“You know the rules of the game, you’ve been playing it long enough.”
When M says this, she is speaking as much to the audience as she is to 007 himself. With Skyfall being the twenty third film in the series (that’s official Eon production films, which does not include 1967′s Casino Royale or 1983′s Never Say Never Again) everybody knows the score by now. Mr Bond is sent off on a mission in some exotic location, takes some cool gadgets, beds some beautiful women, shoots some bad guys and foils the arch-villain’s maniacal scheme all in time for tea.
The first act follows this structure to the letter. But then something interesting and wonderful happens, a seemingly unconnected subplot rises like cream to the top and utterly blows the action packed opening section out of the water. Every unexpected twist in the script is more refreshing than anything Commander Bond has seen in a very long time.
For the next 90 minutes, the scene stays firmly set in Britain, brilliantly breaking the usual international jet setting mold. The combination of Sam Mendes‘ directing and Roger Deakins‘ cinematography make London & Scotland look more cinematic and iconic than ever before. From the neon lit Shanghai to the perfectly captured claustrophobia of the London Underground and the atmospheric fog on the moors of the Scottish Highlands, Mendes & Deakins expertly and artistically craft almost every shot of the 143 minute run time.
While all the praise for the director, cinematographer and the screenwriters (Bond regulars Neal Purvis and Robert Wade alongside John Logan) is undeniably well deserved, the heart of Skyfall lies in its central trio of characters portrayed by Daniel Craig, Judi Dench and Javier Bardem.
Craig puts in a career defining performance in his third time as Bond. He’s superbly suave, cold and calculated when the situation arises and deeply resolute from the word go. His comeback, from death itself, is a lesson to every other hero’s redemption story of recent years. The physical and emotional rollercoaster he’s able to express in Skyfall easily ranks him as one of the all time great 007s.
While Craig has been consistently good as Bond in his tenure, his nemeses have been utterly lacking. I consider myself quite a big Bond fan (I’ve read every Ian Fleming novel and seen all 25 films) and I honestly can’t remember the name of the villains in Quantum of Solace without looking them up. The best Bond films have an iconic villain such as Ernst Stavro Blofeld (From Russia With Love, Thunderball, You Only Live Twice, On Her Majesty’s Secret Service and Diamonds Are Forever) and Auric Goldfinger (Goldfinger) who is 007′s equal and occasionally his superior. Fortunately, Javier Bardem steps up to the plate in spectacular fashion as Raoul Silva. From his erotically charged entrance scene to his unnerving confrontation with M (which seemingly stands for “mummy”, according to him), Silva is by far the best villain Daniel Craig has faced and is instantly as iconic as any of his predecessors. Bardem is able to channel his previous chilling performance as Anton Chigurh (with an equally terrifying haircut) and combine it with some of the chaotic psychopathy of Heath Ledger‘s Joker to bring something truly special to the role. It is sometimes said that the best villains are reflections of aspects of the hero himself (see literally any Batman villain, for example). Silva, through his relationship to M, is clearly shown to be the man Bond could have been. Another key idea behind a truly great villain is that their actions are always seen as right and just in their own mind. The balance between being sympathetic and utter madness is expertly struck by the writers and Javier Bardem himself.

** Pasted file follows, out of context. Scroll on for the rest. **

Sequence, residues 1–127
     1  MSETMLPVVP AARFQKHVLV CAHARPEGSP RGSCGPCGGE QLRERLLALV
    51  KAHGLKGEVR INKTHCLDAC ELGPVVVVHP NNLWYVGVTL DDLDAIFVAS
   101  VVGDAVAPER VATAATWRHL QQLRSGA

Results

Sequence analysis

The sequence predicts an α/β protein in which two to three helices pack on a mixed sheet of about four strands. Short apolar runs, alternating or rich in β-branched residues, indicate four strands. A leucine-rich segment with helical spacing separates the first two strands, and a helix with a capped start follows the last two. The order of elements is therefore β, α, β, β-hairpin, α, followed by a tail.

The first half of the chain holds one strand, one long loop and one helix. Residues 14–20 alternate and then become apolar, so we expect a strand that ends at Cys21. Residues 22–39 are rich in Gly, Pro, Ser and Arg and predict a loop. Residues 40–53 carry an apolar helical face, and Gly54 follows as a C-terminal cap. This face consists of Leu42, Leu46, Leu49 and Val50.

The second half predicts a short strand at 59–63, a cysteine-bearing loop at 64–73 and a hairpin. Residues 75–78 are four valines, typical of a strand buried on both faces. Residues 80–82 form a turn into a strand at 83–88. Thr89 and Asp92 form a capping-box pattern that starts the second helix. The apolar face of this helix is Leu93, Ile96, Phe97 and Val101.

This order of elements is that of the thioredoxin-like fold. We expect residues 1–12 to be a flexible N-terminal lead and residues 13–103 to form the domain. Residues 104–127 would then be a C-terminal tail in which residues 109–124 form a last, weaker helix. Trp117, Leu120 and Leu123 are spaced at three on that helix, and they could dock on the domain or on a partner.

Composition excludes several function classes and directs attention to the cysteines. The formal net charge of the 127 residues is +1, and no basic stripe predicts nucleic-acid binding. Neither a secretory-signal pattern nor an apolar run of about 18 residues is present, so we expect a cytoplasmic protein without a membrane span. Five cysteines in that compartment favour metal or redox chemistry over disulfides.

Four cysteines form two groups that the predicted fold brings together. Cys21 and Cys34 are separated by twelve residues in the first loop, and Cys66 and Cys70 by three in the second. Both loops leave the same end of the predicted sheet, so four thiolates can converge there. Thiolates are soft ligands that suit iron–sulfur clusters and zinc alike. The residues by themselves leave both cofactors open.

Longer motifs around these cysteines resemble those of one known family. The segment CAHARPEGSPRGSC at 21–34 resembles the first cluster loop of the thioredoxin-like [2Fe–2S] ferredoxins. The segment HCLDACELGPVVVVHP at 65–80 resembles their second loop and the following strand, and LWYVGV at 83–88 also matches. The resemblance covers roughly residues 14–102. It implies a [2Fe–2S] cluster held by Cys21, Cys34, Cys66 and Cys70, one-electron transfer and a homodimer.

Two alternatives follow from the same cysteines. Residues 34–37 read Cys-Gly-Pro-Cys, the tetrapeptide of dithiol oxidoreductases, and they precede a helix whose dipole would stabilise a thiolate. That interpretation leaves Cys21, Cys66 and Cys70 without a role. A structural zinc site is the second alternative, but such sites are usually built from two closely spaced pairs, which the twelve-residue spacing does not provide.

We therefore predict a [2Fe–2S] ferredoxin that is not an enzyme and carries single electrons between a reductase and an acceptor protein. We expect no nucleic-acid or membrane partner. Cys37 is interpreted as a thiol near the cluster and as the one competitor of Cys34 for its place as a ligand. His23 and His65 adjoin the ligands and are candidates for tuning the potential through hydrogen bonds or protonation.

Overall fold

While both Naomie Harris and Berenice Marlohe are extremely easy on the eye, neither actress is particularly worthy of note. Save for a lovely little moment at the very end for Harris’ Eve, they could have been entirely absent and the film would have barely suffered. That is certainly not the case, however, for the real shining star of the film. Judi bloody Dench.
In her seventh appearance as the head of MI6, Dame Judi Dench is finally given the chance to flex her Oscar-winning acting chops like we’ve never seen before in a Bond film. Skyfall‘s plot is more closely intertwined with both Bond & M’s pasts than we have seen in recent years and the Dame takes this opportunity to deliver something stunning in every scene. Despite Bardem & Craig’s stellar chemistry, Dench completely steals the show from her younger, male counterparts.
It’s been 50 years since Dr No and Skyfall is the perfect way to celebrate. Even with two lackluster Bond girls, a somewhat forgettable opening hour and some awkward Heineken product placement, Daniel Craig makes his third time a charm, Javier Bardem’s Raoul Silva is one of the most memorable villains of recent years and we finally get to see M, the greatest Bond girl of them all, shine. After half a century and twenty three installments, the formula could have easily been tiresome and predictable but Mendes reinvigorates the series and ushers in a new era for Britain’s greatest spy in the best way possible. Oh and if you’re not grinning from ear to ear when Monty Norman‘s classic Bond theme finally kicks in, you’re probably not breathing.
Skyfall is one of the best films of the year and possibly 007′s finest outing yet.